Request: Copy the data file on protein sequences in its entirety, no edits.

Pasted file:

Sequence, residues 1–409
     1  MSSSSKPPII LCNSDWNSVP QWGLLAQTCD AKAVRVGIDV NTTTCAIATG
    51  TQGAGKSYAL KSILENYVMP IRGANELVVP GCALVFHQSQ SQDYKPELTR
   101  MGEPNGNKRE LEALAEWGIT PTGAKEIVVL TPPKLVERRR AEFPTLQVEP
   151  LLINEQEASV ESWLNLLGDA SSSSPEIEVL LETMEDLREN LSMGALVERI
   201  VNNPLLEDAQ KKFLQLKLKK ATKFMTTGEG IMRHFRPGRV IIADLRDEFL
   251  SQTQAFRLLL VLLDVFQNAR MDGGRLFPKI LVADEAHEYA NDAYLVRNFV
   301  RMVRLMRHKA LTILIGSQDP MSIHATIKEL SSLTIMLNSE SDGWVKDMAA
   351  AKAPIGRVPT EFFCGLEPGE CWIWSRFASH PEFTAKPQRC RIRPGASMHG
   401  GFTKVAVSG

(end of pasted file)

Sequence, residues 1–409
     1  MSSSSKPPII LCNSDWNSVP QWGLLAQTCD AKAVRVGIDV NTTTCAIATG
    51  TQGAGKSYAL KSILENYVMP IRGANELVVP GCALVFHQSQ SQDYKPELTR
   101  MGEPNGNKRE LEALAEWGIT PTGAKEIVVL TPPKLVERRR AEFPTLQVEP
   151  LLINEQEASV ESWLNLLGDA SSSSPEIEVL LETMEDLREN LSMGALVERI
   201  VNNPLLEDAQ KKFLQLKLKK ATKFMTTGEG IMRHFRPGRV IIADLRDEFL
   251  SQTQAFRLLL VLLDVFQNAR MDGGRLFPKI LVADEAHEYA NDAYLVRNFV
   301  RMVRLMRHKA LTILIGSQDP MSIHATIKEL SSLTIMLNSE SDGWVKDMAA
   351  AKAPIGRVPT EFFCGLEPGE CWIWSRFASH PEFTAKPQRC RIRPGASMHG
   401  GFTKVAVSG